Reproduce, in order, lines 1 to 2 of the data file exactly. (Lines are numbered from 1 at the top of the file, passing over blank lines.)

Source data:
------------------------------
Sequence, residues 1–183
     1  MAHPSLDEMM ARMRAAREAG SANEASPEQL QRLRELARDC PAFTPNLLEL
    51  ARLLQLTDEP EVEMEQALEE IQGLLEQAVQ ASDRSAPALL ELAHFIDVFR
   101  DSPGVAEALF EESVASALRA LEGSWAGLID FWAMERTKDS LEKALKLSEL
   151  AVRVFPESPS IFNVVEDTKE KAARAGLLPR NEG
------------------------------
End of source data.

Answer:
Sequence, residues 1–183
     1  MAHPSLDEMM ARMRAAREAG SANEASPEQL QRLRELARDC PAFTPNLLEL